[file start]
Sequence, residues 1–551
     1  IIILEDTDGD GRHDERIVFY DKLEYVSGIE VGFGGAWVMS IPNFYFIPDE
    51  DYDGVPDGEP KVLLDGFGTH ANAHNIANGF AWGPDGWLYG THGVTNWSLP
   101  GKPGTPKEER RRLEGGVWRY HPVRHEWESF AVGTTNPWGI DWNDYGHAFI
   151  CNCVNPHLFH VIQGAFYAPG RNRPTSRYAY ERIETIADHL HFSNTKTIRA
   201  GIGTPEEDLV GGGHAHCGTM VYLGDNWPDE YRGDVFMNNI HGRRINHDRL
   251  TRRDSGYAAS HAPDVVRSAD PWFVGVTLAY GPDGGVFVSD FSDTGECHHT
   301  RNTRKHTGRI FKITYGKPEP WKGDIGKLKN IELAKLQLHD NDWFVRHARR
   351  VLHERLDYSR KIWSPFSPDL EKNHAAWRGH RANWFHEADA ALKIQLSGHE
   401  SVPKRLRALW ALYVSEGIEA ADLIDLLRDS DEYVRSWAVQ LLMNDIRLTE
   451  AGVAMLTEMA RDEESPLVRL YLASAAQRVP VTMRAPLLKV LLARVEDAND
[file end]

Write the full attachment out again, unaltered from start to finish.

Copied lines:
Sequence, residues 1–551
     1  IIILEDTDGD GRHDERIVFY DKLEYVSGIE VGFGGAWVMS IPNFYFIPDE
    51  DYDGVPDGEP KVLLDGFGTH ANAHNIANGF AWGPDGWLYG THGVTNWSLP
   101  GKPGTPKEER RRLEGGVWRY HPVRHEWESF AVGTTNPWGI DWNDYGHAFI
   151  CNCVNPHLFH VIQGAFYAPG RNRPTSRYAY ERIETIADHL HFSNTKTIRA
   201  GIGTPEEDLV GGGHAHCGTM VYLGDNWPDE YRGDVFMNNI HGRRINHDRL
   251  TRRDSGYAAS HAPDVVRSAD PWFVGVTLAY GPDGGVFVSD FSDTGECHHT
   301  RNTRKHTGRI FKITYGKPEP WKGDIGKLKN IELAKLQLHD NDWFVRHARR
   351  VLHERLDYSR KIWSPFSPDL EKNHAAWRGH RANWFHEADA ALKIQLSGHE
   401  SVPKRLRALW ALYVSEGIEA ADLIDLLRDS DEYVRSWAVQ LLMNDIRLTE
   451  AGVAMLTEMA RDEESPLVRL YLASAAQRVP VTMRAPLLKV LLARVEDAND